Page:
The manual also states that banks without a robust BSA/AML monitoring system (see page 228) may be exposed to additional risk when accounts are opened over the Internet without face-to-face contact.
The changing banking paradigm requires an organization to completely reassess their Bank Secrecy Act compliance program. The reassessment should begin with:
- Conducting an electronic inventory of the products and services that are being currently being offered and reassess them based on monitoring capability.
- Monitoring should be real time or near real time.
- If the process is after-the-fact (manual based) then you should develop an interim step to improve the timeliness of monitoring and then contract with your vendor for a different solution.
- Identify any existing weaknesses and develop a tactical strategy to mitigate them short term pending a more permanent solution.
- Establish a corporate and vendor management policy that states: No new product should be purchased or installed without first including, as part of the "due diligence" selection process, BSA/AML monitoring and intervention consideration.
- Establish, as part of the RFP, monitoring functionality that is immediate, not after the fact.
- Develop an intelligent monitoring program template and include this as a mission-critical element of the RFP selection process for new technology and a strategic statement for vendors providing your existing technology.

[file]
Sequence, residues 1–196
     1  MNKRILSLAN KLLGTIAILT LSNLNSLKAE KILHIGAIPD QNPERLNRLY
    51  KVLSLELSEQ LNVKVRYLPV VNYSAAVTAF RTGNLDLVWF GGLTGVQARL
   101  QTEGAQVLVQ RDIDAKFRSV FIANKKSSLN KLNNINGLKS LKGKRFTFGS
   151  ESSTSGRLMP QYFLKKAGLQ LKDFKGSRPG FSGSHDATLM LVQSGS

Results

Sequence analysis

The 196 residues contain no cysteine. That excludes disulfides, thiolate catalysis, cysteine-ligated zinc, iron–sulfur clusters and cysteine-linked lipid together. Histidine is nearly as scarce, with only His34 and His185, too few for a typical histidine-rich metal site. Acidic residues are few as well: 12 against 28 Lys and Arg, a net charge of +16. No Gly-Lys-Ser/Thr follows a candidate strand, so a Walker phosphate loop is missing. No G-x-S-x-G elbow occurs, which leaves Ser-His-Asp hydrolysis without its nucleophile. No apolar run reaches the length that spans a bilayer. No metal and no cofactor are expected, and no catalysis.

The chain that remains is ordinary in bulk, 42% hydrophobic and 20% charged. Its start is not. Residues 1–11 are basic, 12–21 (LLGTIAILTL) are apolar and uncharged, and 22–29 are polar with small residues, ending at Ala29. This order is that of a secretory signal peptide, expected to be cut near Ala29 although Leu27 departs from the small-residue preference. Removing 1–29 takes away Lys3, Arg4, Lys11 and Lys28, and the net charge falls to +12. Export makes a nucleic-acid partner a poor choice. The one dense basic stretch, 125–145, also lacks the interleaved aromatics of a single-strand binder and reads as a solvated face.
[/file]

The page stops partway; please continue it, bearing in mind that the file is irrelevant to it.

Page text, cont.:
- Monitoring should be rules based and consistent with your customer risk profile.
- Notification should use push messaging using a variety of communications technology.
- Office of Foreign Access Control (OFAC) and FinCEN's Section 314 (a) scans should be part of the transaction flow.
A new approach
In essence, you should redesign your approach to risk and start developing your program in terms of real-time systems relative to BSA/AML. The objective over time is to have a system in place that informs the organization what is happening when it happens.
A robust Bank Secrecy Act compliance program and system is "NOW" focused. The more you know now, the better your BSA/AML compliance program will be.
About the author:
Dan Fisher is president and CEO of The Copper River Group, a consulting firm based in Fargo, N.D. that focuses on technology, payment systems research and consulting for community financial institutions. For nearly 30 years, Fisher has worked in the financial industry using technology to improve the bottom line. He has served as a director of the Federal Reserve Board of Minneapolis, chairman of the American Bankers Association Payment Systems Committee, and member of the Independent Community Bankers of America Payments Committee. He has written numerous articles on banking technology and the payments system, has authored or co-authored six books including "Capturing Your Customer! The New Technology of Remote Deposit" You can contact him at email@example.com